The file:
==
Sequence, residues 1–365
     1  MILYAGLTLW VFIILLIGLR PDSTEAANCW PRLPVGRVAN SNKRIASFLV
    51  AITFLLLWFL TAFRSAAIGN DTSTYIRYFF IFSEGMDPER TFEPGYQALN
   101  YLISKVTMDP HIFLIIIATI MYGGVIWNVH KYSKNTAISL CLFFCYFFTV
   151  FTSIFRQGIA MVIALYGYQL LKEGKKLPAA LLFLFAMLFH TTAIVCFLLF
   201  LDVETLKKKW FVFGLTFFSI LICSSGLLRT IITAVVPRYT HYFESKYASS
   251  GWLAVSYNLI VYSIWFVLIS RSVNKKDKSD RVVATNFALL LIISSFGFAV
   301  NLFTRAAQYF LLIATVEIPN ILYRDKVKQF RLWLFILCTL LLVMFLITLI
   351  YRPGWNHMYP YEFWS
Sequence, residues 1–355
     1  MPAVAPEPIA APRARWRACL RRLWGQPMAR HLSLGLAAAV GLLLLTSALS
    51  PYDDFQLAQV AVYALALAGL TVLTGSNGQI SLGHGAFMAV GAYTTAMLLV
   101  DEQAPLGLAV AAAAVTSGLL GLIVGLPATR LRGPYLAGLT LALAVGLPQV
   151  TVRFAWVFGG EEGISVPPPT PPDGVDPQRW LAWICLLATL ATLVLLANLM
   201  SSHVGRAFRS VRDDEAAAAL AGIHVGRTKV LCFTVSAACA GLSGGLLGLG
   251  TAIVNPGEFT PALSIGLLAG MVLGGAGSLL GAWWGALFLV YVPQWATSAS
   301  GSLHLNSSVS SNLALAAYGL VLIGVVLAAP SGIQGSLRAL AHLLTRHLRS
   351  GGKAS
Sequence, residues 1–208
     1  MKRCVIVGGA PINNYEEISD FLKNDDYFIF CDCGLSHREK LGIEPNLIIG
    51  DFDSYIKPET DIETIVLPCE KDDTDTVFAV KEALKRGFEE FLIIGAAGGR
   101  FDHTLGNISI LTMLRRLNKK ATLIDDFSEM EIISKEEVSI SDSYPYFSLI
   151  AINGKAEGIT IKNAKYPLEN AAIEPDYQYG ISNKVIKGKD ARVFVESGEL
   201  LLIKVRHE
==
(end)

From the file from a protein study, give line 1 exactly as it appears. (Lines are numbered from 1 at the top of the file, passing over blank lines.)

Sequence, residues 1–365